State courts on the other hand are found in individual States and usually provide jurisdictions over cases as per the constitutions of the States, with some cases being referred to the Federal courts. Most of the cases which are heard by State courts concern issues like family, traffic, and other issues which are not covered under the Federal judicial system. A typical State court is composed of the highest State court (sometimes known as Supreme Court), appellate courts, and trial courts (usually two types namely the courts for general jurisdictions and courts for limited jurisdictions.) The judges of State courts are elected and serve for a given number of years, which vary from State to State (Federal Judiciary).

The State of California judicial structure is more or less similar to the Federal court structure in that it’s composed of three main branches namely the trial courts, the court of appeal, and the Supreme Court. The trial courts are the ones that mostly provide original jurisdictions or hear a case for the first time. They address cases both of civil and criminal nature. In total, there are 58 trial courts which are spread all over the 58 counties in the State of California (Federal Judiciary).

The other branch, the courts of appeal comprises six appellate courts which are spread in six appellate districts created by the California legislature. The appellate courts mainly hear cases that emanate from the trial courts and make rulings on the same. They do not, therefore, collect fresh evidence or facts about the cases before them. The Supreme Court is the highest in the State and listens to cases from the appellate courts (Federal Judiciary).

One of the major judicial-related problems facing the State of California is the problem of illegal immigrants. While the Federal laws require all States to provide education and health care to all citizens, the States usually have challenges in providing these services because the taxes paid by the illegal immigrants are way below the cost of providing these services to them (Bowman and Kearney 71). The judicial system of California as it is today is ill-equipped to adequately deal with the problem. This is because the laws require the State to arrest, charge, and jail such people in Californian courts and prisons (Abraham 76).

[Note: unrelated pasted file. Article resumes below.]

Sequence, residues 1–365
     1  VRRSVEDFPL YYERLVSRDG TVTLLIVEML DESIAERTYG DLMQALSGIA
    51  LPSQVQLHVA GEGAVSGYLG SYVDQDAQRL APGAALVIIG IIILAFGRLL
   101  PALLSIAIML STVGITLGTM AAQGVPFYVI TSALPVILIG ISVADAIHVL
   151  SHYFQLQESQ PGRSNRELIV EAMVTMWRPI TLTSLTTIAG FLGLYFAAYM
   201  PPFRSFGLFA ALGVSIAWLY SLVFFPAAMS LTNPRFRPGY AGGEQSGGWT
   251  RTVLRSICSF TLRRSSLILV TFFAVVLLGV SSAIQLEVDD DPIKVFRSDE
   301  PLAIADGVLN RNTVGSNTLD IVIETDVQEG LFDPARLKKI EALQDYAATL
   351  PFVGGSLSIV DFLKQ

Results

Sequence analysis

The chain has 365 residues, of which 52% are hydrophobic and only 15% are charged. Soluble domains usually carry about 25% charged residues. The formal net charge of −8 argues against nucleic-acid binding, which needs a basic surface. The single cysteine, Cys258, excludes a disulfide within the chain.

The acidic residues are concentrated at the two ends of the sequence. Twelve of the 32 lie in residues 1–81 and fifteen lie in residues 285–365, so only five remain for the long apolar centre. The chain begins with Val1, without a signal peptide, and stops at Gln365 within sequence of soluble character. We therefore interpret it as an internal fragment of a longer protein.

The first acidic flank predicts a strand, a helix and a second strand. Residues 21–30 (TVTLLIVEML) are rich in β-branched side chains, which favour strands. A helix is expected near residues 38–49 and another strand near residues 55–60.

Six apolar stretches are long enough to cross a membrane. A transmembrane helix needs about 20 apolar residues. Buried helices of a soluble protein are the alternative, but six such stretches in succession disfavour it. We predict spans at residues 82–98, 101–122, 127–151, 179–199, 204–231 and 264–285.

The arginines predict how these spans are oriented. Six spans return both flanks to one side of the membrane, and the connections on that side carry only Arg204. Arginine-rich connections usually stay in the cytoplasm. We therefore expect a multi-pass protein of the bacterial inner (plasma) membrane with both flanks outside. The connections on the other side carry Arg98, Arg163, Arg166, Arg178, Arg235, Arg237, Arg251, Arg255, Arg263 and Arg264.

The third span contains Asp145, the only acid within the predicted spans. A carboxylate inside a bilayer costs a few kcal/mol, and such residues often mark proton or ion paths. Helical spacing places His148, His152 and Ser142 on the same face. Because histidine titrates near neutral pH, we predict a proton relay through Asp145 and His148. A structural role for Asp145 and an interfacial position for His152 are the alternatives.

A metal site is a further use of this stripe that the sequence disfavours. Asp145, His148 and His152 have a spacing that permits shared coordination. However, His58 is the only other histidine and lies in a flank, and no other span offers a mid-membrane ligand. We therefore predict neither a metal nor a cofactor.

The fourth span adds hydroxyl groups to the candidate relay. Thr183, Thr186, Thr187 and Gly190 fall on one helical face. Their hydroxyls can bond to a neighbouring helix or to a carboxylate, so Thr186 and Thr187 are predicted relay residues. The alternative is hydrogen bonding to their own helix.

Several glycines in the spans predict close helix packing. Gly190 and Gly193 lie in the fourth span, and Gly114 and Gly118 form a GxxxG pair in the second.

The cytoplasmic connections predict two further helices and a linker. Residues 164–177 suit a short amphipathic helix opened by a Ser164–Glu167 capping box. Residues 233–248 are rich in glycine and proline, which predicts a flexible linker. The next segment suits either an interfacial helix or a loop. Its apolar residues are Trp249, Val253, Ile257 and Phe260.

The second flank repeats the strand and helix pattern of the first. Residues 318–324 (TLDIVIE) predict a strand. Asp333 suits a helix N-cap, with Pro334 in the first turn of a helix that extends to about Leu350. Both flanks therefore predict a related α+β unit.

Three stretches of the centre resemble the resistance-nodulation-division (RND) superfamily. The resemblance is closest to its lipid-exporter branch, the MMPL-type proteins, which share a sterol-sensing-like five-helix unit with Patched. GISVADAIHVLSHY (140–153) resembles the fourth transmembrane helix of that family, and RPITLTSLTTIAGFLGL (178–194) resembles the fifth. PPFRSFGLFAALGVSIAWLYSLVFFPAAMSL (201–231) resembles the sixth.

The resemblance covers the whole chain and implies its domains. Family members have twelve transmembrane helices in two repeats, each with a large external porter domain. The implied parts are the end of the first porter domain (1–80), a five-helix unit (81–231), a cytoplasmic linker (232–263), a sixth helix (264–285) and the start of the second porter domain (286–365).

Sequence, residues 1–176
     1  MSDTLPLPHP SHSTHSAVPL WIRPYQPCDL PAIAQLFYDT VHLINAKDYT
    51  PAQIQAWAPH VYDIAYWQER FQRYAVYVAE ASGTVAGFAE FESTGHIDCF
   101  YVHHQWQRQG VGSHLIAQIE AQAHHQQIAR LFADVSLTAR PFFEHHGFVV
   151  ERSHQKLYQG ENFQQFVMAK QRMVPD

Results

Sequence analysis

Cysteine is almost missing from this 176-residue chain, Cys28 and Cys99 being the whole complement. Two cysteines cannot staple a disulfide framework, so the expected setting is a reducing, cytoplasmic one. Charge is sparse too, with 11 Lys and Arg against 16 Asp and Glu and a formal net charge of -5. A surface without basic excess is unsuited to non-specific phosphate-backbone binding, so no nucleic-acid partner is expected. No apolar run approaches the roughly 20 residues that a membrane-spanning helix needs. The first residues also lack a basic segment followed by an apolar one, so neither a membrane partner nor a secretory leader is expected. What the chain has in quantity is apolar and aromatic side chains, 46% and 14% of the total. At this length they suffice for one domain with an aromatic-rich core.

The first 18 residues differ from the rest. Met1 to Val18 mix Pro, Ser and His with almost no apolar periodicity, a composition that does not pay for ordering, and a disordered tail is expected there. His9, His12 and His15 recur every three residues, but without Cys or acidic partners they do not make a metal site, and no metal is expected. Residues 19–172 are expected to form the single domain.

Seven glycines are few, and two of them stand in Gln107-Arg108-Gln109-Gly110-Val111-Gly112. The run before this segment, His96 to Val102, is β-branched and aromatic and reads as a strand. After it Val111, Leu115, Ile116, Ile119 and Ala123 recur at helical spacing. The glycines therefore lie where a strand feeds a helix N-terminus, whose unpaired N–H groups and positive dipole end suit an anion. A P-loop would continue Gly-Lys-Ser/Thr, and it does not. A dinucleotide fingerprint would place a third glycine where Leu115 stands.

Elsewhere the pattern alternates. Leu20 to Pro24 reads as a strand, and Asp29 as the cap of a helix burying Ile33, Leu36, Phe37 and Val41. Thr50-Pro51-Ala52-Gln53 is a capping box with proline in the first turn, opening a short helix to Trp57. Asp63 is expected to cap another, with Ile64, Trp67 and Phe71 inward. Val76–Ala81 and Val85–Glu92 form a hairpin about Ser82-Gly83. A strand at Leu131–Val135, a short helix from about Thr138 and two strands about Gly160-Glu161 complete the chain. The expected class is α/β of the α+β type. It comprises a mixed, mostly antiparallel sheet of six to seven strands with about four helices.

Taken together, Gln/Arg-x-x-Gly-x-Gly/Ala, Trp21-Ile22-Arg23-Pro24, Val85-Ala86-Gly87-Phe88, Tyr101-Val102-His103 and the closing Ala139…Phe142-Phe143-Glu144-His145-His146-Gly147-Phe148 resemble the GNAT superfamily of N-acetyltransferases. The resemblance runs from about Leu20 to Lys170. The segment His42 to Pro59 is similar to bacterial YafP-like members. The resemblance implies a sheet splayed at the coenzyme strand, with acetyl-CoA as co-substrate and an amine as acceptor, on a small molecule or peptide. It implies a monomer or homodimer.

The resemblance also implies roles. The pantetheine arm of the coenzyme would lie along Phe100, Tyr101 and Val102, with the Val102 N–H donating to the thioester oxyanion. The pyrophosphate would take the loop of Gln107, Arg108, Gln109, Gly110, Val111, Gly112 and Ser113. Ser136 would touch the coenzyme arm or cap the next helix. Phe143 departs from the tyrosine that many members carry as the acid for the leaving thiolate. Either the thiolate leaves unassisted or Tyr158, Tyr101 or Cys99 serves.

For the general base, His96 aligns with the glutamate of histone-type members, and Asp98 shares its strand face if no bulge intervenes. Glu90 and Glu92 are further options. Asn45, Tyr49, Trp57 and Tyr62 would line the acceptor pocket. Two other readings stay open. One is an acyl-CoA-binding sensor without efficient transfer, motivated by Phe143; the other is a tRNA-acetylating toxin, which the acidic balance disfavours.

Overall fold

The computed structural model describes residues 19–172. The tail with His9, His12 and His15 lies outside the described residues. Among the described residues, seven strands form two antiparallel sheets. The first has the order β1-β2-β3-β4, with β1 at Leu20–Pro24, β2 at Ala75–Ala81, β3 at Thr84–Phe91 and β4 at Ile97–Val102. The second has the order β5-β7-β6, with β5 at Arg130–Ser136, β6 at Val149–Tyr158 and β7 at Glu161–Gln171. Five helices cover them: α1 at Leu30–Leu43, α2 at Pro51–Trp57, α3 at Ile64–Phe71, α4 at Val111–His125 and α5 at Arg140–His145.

For instance, illegal immigrants in California accounted for 23% of illegal immigrants in the US in 2009. According to the Pew Hispanic Center, as reported in the Los Angeles Newspaper, the illegal immigrants in California in 2009 accounted for 6.9% of the total population of the State, compared to Nevada with 6.8%, Texas with 6.5%, and Arizona 5.8% (Press- Telegram). According to Donald Huddle, both legal and illegal immigrants cost the State of California a tune of $18 billion between 1970 and 1992, and $42 billion for the entire US country in the same period. This is a huge cost to the State of California.

One way of dealing with this problem is through making judicial reforms, to ensure that all cases dealing with illegal immigrants are handled by the Federal government so that the Federal government could cover the incarceration costs, which happen to cost the California State a lot in terms of provision of services to the immigrants.

For instance, in terms of the incarceration of illegal immigrants, the taxpayers of California part with an estimate of $1.4 billion annually in covering the costs of keeping the offenders in prisons and jails. This amount is not inclusive of the financial costs associated with the crimes committed by these aliens and the judicial expenses on their cases (Federation of American Immigration Reform). Apart from saving Californian taxpayers’ money and decongesting the courts and jails of California, the reform would save time for the Californian courts.

Works Cited

Abraham, Henry. The judicial process: an introductory analysis of the courts of the United States, England, and France. 7th ed. Oxford: Oxford University Press, 1998.76.Print.

Anagnoson, Theodore., Bonetto, Gerald., and Buck, Vincent. Governing California in the Twenty-First Century. 3rd ed. New York, NY: Norton & Co Inc., 2010.189.Print.

Bowman, Ann., and Kearney, Richard. State and Local Government: The Essentials. 5th ed. Farmington Hills, MI: Cengage Learning, 2008.71.Print.

Federal Judiciary. Understanding Federal and State Courts. United States courts. Federal Judiciary, 2009. Web.

Federation of American Immigration Reform. The Costs of Illegal Immigration to Californians. FAIR. Federation for American Immigration Reform, 2004. Web.

Press- Telegram. Study: California leads U.S. in illegal immigrants. Los Angeles Newspaper group. Los Angeles Newspaper group. 2008. Web.